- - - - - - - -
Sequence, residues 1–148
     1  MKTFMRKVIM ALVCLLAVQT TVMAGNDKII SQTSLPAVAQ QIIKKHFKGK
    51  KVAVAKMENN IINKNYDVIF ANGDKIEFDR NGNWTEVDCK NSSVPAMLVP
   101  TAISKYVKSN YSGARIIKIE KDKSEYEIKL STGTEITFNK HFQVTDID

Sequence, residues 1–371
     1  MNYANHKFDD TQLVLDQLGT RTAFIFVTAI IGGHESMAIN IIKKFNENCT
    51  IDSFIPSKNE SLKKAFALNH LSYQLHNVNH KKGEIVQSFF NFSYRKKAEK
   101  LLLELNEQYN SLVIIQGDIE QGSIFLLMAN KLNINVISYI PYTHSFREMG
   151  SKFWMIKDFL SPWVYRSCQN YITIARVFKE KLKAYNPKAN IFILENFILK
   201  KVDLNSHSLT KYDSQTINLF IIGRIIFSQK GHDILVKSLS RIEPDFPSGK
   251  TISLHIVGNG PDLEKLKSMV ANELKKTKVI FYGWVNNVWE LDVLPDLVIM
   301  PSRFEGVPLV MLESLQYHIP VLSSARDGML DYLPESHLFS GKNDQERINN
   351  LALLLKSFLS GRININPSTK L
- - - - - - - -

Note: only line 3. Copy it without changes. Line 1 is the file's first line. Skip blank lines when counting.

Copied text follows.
    51  KVAVAKMENN IINKNYDVIF ANGDKIEFDR NGNWTEVDCK NSSVPAMLVP